No. WD 72257.

320 S.W.3d 757 (2010)

Annie BUSCH, Roseann Bentley, and John Schneider, Appellants, v. Robin CARNAHAN, Secretary of State, Respondent, and James Harris, Respondent.

Missouri Court of Appeals, Western District.

Attorney(s) appearing for the Case

George A. Bartlett , for Appellants.

Jeremiah Morgan , for Respondent Carnahan.

Before Special Division: LISA WHITE HARDWICK, Chief Judge, JOSEPH M. ELLIS, Judge and CYNTHIA L. MARTIN, Judge.


On October 2, 2009, James Harris submitted an initiative petition to the Missouri Secretary of State that, if enacted, would amend the Missouri Constitution by repealing the nonpartisan court plan and require that all judges be elected in partisan elections. The Secretary of State denominated that petition as Initiative Petition 2010-071. After receiving the initiative petition, the Secretary of State sent a copy of it to the Attorney General to review the sufficiency of the petition. On October 8, 2009, the Attorney General issued Opinion Letter No. 222-2009 opining that the petition should be approved as to form. Subsequently, on October 19, 2009, the Secretary of State officially approved the petition as to form.

The Secretary of State then prepared a summary statement for the initiative petition, and the State Auditor prepared a fiscal note and a fiscal note summary. On November 12, 2009, the Secretary of State issued the Certification of Official Ballot Title for the Initiative Petition.

On November 20, 2009, Appellants Annie Busch, Roseann Bentley, and John Schneider filed a petition in the Circuit Court of Cole County challenging the Secretary of State's approval of the initiative petition. The petition was in three counts. Count I generally alleged that the proposed initiative petition did not comply with the requirements of Sections 116.050,1 116.180, and 116.010(4), and Sections 50 and 28 of Article III of the Missouri Constitution, and therefore the Secretary of State should have rejected the initiative petition as part of her review of the petition pursuant to Section 116.332 and 116.334, and no summary statement or official ballot title should have been formulated as a consequence. Count II asserted that if the Secretary of State was not under a duty to reject the initiative petition, as alleged in Count I, then the circuit court had jurisdiction and should reject the initiative petition. And Count III alleged that if the initiative petition was not rejected under Counts I or II, the court should determine that the Summary Statement for the Proposed Initiative Petition was "insufficient or unfair" under Section 116.190.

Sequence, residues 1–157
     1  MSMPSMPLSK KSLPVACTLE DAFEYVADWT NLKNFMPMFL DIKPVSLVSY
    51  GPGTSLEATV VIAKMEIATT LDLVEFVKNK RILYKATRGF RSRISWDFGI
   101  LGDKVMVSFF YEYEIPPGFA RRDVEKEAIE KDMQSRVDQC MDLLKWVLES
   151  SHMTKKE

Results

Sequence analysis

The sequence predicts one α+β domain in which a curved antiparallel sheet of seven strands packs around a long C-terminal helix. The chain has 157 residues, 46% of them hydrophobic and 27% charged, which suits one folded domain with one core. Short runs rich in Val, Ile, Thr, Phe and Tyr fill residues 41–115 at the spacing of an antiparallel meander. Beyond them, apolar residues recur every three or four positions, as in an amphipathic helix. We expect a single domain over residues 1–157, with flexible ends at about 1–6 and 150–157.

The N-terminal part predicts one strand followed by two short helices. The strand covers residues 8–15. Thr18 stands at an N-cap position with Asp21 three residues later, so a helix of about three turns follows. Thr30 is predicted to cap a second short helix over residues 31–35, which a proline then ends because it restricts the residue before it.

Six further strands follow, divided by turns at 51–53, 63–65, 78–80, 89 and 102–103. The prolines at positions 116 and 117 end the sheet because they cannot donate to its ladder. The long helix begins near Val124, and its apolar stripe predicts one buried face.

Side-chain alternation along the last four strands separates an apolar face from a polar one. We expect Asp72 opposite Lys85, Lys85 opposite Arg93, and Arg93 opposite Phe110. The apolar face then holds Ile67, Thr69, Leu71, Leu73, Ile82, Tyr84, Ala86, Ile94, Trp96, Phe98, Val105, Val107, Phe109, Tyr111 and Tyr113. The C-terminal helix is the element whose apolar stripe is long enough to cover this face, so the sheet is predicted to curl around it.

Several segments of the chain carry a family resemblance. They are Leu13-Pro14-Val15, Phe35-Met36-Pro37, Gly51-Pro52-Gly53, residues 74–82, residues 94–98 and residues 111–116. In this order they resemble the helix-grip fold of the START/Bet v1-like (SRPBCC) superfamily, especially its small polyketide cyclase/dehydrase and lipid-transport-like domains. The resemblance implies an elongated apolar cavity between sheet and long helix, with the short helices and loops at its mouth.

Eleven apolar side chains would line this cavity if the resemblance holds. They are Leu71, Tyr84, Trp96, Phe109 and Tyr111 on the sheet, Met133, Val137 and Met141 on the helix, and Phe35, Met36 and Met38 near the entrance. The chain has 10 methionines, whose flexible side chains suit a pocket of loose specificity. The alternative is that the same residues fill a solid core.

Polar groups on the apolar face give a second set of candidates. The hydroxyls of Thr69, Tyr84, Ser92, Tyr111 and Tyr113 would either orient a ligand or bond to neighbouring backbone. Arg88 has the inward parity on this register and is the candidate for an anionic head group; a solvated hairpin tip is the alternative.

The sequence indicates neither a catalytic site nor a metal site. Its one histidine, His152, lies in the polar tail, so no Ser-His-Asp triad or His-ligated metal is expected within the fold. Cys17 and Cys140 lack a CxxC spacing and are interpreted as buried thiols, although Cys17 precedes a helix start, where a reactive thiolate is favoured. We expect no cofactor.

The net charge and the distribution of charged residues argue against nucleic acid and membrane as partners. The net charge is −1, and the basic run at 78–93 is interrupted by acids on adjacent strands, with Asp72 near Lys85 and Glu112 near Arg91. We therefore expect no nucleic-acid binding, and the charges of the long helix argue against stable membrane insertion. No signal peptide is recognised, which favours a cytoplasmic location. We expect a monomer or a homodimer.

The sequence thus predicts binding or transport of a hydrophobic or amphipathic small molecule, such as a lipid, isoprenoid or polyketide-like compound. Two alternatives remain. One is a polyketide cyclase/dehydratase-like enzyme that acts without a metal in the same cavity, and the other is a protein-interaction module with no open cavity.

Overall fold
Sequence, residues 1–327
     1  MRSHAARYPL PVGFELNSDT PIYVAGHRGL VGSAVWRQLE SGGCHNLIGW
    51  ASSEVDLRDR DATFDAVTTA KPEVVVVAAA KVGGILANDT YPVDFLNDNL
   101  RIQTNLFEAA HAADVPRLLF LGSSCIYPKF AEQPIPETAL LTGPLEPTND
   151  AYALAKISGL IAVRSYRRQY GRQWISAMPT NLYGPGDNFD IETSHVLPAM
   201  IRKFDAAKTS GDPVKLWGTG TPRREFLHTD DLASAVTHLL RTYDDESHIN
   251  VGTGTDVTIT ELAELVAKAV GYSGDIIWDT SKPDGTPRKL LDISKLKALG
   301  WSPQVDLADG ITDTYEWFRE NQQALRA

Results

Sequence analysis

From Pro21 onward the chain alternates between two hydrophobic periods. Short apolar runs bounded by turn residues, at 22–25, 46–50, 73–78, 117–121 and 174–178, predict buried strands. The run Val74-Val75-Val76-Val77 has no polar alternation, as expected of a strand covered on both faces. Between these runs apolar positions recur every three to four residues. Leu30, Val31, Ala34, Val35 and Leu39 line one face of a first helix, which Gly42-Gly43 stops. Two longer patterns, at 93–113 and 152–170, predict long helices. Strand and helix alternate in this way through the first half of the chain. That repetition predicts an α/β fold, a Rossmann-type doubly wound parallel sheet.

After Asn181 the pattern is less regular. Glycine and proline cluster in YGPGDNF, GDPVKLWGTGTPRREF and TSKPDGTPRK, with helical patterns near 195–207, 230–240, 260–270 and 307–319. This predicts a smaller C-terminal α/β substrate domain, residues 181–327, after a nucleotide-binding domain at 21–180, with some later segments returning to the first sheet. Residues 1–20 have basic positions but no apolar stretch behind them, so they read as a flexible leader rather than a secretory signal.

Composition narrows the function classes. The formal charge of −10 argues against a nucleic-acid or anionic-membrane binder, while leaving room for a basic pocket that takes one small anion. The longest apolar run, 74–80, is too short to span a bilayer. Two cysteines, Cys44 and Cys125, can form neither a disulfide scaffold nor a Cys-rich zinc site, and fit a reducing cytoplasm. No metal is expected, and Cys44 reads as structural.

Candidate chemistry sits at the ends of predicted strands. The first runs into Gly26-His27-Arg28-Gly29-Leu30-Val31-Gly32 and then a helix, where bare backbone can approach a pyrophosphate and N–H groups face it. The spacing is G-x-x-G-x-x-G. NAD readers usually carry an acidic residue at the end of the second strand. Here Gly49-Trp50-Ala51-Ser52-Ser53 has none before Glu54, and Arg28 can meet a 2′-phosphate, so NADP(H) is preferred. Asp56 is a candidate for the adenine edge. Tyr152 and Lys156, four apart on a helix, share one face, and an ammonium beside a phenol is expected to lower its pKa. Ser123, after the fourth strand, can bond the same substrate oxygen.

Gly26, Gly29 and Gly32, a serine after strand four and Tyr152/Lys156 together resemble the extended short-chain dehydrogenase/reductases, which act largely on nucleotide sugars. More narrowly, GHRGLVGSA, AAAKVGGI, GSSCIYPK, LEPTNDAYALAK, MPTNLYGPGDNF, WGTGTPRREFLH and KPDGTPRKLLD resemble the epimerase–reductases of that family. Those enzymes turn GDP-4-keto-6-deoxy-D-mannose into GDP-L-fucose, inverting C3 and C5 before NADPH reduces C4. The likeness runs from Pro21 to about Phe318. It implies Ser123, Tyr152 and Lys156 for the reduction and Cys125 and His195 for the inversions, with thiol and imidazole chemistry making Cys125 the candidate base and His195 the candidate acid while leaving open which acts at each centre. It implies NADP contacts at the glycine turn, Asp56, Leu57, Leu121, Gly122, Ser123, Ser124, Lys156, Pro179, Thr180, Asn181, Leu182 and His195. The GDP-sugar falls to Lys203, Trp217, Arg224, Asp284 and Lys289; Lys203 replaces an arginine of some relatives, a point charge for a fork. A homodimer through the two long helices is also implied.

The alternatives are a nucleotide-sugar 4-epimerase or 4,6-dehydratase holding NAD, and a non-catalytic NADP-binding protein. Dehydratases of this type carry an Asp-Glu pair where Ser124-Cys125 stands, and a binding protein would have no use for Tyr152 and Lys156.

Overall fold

Harris sought leave to intervene in the action, was granted permission to do so, and filed a motion for judgment on the pleadings. After a hearing on Harris's motion, the circuit court issued its judgment concluding that the Secretary of State's summary statement was sufficient and fair and that none of the other issues raised by Appellants were ripe for adjudication. The court concluded that those issues could not be adjudicated under § 116.200 until after signatures were collected and the Secretary of State certified the petition as sufficient or insufficient.